Eat for the LONG Run
Here is a PDF with Marathon/Half specific information from one of the nutritionists we have worked with in the past, Renee Korczak PhD, RDN, CSSD, LD.
|If you’re thirsty, you are already dehydrated
You can live for several weeks without food, but you will die within a few days without water. Running performance is affected almost immediately if the body’s water requirements are not met. Water is one of the most important nutrients required by the body since about two thirds of your body is water. The average person should drink about a gallon of water every day in addition to the water that is contained in food. You need to drink even more if you exercise hard or long as you lose a lot of water through sweat while running. Being hydrated while running will keep you cooler and help you maintain your pace.
Dehydration is when not enough water has been taken in to replace what has been lost from the body. Thirst is the feeling we get which tells us we need water. By the time we feel thirsty we are already dehydrated, and performance is already compromised. That is why your coaches plan water stops on our training routes that are around three miles apart. When attempting to run a long training run or a race, it is very important to be drinking water, diluted fruit juice, PowerAde, or other beverages before, during and after running. One of the best things you can do for yourself is to drink a 12-ounce glass of water first thing every morning. If you start out hydrated on your long runs, you should be able to stay hydrated by drinking four to eight ounces of fluid every 20 minutes or so during the run. If you sweat heavily, you should consider carrying a water bottle so you can drink more frequently than once every 3 miles.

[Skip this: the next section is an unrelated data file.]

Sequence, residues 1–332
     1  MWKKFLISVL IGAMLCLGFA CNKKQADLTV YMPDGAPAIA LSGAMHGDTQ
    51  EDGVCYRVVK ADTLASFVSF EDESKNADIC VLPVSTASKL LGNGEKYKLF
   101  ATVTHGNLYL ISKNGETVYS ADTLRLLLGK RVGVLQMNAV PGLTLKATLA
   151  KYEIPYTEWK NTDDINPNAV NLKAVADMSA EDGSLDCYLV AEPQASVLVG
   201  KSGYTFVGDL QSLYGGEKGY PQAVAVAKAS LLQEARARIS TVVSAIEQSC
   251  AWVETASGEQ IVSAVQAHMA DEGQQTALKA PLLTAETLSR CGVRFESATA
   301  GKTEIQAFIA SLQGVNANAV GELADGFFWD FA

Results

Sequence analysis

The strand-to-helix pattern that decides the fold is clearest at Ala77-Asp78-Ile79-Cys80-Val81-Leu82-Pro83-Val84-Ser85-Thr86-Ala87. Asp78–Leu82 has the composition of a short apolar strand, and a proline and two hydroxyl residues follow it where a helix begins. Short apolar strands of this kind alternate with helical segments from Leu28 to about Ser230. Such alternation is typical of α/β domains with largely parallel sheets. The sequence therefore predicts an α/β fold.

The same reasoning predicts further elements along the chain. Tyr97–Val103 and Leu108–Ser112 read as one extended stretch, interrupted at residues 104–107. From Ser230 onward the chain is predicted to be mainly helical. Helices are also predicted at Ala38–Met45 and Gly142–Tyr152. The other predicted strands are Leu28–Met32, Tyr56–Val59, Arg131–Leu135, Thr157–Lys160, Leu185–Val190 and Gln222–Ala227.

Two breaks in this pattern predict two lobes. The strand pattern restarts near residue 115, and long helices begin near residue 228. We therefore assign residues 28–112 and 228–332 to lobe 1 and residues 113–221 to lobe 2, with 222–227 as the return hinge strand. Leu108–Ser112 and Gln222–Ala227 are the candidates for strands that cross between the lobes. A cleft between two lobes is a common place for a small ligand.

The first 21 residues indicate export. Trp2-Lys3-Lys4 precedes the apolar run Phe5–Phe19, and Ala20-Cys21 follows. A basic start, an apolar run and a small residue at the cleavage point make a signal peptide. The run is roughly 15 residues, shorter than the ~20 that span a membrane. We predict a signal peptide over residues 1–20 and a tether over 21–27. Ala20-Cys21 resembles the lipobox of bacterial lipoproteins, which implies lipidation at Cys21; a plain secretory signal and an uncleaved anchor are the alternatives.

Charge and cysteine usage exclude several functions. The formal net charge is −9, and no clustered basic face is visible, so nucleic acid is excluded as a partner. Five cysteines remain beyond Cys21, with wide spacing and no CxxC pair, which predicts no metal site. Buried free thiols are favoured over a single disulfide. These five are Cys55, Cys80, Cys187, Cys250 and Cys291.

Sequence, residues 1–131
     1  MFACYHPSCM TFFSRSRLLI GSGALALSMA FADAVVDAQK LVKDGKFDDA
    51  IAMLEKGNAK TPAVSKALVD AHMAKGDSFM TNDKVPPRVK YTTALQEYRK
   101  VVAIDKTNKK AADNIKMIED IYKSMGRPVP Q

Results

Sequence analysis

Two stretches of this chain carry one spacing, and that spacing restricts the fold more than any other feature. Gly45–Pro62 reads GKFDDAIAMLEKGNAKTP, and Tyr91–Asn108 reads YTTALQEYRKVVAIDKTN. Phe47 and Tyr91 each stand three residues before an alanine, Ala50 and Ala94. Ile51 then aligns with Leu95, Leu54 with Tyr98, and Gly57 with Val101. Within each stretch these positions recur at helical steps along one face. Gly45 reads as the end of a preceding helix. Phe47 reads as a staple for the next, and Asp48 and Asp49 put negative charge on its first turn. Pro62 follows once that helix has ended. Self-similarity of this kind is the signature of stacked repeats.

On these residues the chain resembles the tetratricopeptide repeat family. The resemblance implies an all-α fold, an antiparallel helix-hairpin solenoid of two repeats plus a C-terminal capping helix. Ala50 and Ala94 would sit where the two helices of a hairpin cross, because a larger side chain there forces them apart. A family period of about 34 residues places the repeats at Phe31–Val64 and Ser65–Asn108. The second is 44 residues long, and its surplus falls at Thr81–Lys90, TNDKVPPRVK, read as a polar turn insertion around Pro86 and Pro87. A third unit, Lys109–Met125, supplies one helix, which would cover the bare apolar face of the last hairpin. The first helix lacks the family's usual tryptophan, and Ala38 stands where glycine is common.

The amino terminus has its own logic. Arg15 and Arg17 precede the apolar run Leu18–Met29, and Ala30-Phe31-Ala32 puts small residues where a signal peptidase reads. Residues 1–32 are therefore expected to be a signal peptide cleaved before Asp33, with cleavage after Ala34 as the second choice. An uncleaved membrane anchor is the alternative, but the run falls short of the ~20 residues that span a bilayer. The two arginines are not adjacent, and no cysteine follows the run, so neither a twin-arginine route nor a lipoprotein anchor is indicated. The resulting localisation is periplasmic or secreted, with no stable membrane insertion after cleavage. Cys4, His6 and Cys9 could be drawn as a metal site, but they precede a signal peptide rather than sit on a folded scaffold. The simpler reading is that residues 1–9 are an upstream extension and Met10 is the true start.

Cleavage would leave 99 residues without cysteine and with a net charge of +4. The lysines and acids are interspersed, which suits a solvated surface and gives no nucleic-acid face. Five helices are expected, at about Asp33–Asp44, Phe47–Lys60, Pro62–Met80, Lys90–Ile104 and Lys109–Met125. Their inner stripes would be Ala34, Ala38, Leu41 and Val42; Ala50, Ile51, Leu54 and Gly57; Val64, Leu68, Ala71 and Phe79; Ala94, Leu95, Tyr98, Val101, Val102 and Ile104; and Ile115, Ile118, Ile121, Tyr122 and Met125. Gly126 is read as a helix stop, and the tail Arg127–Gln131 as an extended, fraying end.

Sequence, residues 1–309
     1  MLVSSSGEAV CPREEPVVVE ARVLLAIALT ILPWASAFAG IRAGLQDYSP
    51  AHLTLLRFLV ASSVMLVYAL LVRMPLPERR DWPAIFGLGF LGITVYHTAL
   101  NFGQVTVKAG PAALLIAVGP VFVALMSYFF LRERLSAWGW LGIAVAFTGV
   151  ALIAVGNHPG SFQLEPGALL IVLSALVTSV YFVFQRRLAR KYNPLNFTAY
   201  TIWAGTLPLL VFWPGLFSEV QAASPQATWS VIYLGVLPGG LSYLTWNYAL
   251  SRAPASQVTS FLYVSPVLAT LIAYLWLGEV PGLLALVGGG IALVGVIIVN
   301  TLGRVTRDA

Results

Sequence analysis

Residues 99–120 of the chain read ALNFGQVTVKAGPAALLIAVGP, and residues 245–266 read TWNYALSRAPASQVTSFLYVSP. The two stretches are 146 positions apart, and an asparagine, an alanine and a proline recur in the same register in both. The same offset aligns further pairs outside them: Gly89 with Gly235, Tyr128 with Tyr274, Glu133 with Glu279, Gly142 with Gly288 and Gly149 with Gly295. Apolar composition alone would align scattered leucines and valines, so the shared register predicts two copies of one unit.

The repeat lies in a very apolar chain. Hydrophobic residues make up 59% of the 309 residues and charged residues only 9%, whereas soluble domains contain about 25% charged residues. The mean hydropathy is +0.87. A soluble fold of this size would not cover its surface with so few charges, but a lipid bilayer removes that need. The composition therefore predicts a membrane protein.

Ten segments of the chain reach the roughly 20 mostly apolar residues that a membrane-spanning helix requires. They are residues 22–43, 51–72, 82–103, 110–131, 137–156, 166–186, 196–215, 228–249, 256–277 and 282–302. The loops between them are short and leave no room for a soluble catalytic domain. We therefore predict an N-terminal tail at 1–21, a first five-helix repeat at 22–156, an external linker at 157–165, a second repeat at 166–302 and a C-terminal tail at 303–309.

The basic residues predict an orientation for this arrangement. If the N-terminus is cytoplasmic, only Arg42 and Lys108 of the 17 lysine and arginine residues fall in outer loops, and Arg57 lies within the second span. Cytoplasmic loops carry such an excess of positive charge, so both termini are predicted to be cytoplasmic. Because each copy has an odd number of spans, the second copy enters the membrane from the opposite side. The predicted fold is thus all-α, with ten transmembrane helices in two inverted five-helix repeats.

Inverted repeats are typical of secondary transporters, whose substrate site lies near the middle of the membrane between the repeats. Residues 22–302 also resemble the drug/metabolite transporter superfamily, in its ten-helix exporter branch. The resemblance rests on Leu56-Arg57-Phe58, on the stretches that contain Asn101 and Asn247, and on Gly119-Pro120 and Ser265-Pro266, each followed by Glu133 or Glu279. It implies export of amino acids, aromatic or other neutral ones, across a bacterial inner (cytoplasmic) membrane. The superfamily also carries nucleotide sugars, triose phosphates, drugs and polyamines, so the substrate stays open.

Carbo Loading Pre 26.2
Runners need a high carbohydrate diet to replenish their muscles during the week before running a marathon. Eating a high carbohydrate diet (70 percent) following a normal (50 percent) carbohydrate diet produces greater muscle glycogen storage. The daily requirement for protein and fat should be fulfilled, but the more carbohydrate eaten, the more that will be stored. A recommended plan is:
You will know you are effectively carbohydrate loaded if you notice a 2 to 5 pound weight gain over the 3 day period before the race. As carbohydrates are stored, water is also stored in the muscles leading to the weight gain. This water storage may make your legs feel sluggish during your few miles of easy runs, but it may come in handy during the race as a source of sweat, etc. You may also feel sleepy, cranky or tired due to the blood sugar and insulin responses to all the carbohydrate. During the race, however, you should feel super powered and ready to go.